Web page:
Chicago Friends School (CFS) offers a comprehensive academic program which provides a natural progression from the primary grades to upper elementary.  Teachers collaborate to integrate core academics with special subjects including environmental education, music and movement, art, and physical education. Technology is integrated at age-appropriate levels.

At CFS, children learn about themselves and their environment through direct experience.  Children actively engage with their learning to construct knowledge and develop critical thinking and problem solving skills, math and science process skills, and their innate capacity for creativity and innovation.   Differences are addressed through differentiated instruction.  Knowledgeable teachers monitor each child’s progress and from their observations, make plans and adjustments to promote each child’s development and learning.

Across subject areas, CFS is guided by the principles and recommended practices set forth by national organizations such as NAEYC, the International Reading Association, National Council of Teachers of English, National Council of Teachers of Mathematics, and National Science Teacher Association.


Chicago Friends School curriculum is designed to fulfill the school’s unique Quaker mission.  There is no direct religious instruction; instead a Quaker education provides a values-based learning environment. Quaker testimonies of simplicity, peace, integrity, community, equality, and service (SPICES) are woven into all aspects of school life and curriculum.  At CFS, children learn to reflect, question, and seek.  Children are encouraged to recognize, discuss and appreciate diversity, and to be active citizens and advocates for social justice.  Service learning opportunities are integrated. Environmental education fosters a sense of respect and reverence for the natural world and prepares students to become responsible citizens and stewards of the earth.

In the daily life of school, the testimonies are interwoven and lived out throughout the day.

SIMPLICITY: At CFS, careful use of resources models simplicity. Also, helping children to be aware of the seasons of the earth, understand the growing season of food, how their food is grown, and how to prepare it are some other ways in which the Quaker testimony of simplicity is taught.

PEACE: Peace is cultivated within individuals and the school community through interaction with others. CFS believes in nurturing children and managing behavior with developmental understanding and compassion to promote the best social and emotional outcomes and to promote in children a caring and compassionate spirit.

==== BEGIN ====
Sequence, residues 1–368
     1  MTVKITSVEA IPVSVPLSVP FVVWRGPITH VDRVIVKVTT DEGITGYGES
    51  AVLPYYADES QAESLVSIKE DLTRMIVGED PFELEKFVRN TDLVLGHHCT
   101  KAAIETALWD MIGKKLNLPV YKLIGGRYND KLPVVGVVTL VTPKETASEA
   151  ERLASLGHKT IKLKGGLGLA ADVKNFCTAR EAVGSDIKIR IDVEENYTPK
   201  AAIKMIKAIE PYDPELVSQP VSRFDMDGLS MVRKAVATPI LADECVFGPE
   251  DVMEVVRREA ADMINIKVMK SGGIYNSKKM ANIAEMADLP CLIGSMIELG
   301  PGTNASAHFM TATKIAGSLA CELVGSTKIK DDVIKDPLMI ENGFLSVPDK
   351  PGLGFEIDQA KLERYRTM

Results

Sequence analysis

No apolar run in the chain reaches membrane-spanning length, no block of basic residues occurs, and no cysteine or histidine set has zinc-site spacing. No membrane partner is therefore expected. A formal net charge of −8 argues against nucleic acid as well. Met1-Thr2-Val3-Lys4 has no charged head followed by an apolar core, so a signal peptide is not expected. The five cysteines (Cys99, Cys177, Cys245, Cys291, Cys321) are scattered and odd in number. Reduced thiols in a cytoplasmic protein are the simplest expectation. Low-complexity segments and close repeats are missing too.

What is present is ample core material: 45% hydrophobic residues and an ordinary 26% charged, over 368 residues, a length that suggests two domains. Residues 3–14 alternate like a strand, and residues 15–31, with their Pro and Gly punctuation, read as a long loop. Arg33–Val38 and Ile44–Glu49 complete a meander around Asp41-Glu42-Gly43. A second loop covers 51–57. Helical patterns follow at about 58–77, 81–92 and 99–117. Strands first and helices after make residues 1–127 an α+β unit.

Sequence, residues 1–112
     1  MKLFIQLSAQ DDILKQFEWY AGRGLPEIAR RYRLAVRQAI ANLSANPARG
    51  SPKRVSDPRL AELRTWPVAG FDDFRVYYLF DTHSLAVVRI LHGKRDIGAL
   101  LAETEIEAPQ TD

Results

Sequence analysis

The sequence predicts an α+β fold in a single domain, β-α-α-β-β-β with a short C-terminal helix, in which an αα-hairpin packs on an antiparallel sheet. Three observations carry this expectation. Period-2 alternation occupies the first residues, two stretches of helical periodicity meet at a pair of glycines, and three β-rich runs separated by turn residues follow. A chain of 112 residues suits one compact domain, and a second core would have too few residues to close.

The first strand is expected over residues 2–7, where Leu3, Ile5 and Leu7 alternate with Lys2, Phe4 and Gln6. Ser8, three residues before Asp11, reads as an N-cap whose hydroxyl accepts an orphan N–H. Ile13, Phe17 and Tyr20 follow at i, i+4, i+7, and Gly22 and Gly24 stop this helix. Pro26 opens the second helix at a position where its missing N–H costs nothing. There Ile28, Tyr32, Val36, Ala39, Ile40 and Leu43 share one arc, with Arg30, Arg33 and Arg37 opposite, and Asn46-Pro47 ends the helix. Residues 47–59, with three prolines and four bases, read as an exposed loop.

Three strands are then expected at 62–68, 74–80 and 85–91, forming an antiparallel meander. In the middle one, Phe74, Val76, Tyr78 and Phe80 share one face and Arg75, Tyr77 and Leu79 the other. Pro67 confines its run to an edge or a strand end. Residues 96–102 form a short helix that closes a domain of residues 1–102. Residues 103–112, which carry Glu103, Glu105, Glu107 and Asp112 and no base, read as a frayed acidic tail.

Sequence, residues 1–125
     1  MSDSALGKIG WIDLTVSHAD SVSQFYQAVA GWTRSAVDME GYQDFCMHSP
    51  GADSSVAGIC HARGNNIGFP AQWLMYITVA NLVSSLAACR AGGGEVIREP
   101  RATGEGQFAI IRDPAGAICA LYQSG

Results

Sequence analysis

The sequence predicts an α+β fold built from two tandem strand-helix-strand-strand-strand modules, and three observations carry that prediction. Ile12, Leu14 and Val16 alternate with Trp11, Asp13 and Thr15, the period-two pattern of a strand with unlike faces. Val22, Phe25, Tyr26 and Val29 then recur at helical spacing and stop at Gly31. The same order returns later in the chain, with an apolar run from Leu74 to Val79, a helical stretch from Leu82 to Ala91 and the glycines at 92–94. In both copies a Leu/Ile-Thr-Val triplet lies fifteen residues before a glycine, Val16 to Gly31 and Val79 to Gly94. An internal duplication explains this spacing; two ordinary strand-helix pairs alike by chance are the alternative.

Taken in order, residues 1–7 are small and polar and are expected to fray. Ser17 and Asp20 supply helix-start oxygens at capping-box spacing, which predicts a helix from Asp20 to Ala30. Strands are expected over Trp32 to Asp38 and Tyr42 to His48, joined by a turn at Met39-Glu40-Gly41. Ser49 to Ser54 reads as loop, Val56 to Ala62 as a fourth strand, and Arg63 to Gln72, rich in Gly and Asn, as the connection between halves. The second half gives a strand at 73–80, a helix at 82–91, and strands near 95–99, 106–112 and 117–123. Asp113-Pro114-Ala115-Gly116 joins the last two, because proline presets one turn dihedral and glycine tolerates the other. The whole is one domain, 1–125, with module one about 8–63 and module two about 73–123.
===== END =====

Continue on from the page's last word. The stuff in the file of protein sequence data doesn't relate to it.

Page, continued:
INTEGRITY: Integrity is cultivated through teacher, child and family relationships grounded in honesty and mutual respect. Children are given opportunities to express concerns and differing opinions. By valuing each child’s input and responding genuinely to concerns, teachers model integrity and encourage children to be honest with each other and themselves.

COMMUNITY & SERVICE: Creating a nurturing and warm atmosphere is central to building community within the school. Outside of school, volunteer projects strengthen children’s relationship with the wider community. These projects also build self-esteem and connect curriculum to action in the world, reflecting the Quaker tradition of putting one’s beliefs into action.

EQUALITY: CFS follows the Quaker understanding that we should answer to that of God in each individual. Children learn that everyone should be treated with fairness and dignity. In keeping with Quaker custom, all in the school community refer to each other by first names.


Children and faculty gather weekly in shared silence to allow time for listening to the Spirit, reflection and thoughtful sharing. By providing time for outer and inner stillness, we nurture each child on his or her own spiritual journey. In addition, regular community meeting for worship allows children and faculty to develop a sense of community and unity of purpose.


Chicago Friends School utilizes a multiage classroom to provide a family atmosphere to support our Quaker values. In our multiage classrooms, teachers approach each child from a developmental perspective focusing on each child’s next steps. A multiage environment is supportive of continuous learning and conducive to active student involvement and student-initiated learning. Within a multiage setting, opportunities for enhancement and reinforcement of learning are provided. Younger children learn from the older children and older children have an opportunity to take on a leadership role and share their knowledge.

Research supports that students in multiage classrooms show increased self esteem, more cooperative behavior, better attitudes toward school in general, increased pro-social behavior (caring, tolerant, patient, supportive), enriched personal responsibility, and a decline in discipline problems.


In project-based learning, teachers guide children through an in-depth study of real world topics. Successful project-based learning results in children who are highly motivated, feel actively involved in their own learning, and produce work of a high quality.


Children are evaluated continuously using multiple measures including written narratives and samples of student work. Knowledgeable teachers observe and assess each child’s progress along a developmental continuum. Progress is shared with parents through reports and conferences.

Please follow this link for a pdf of our Curriculum Overview.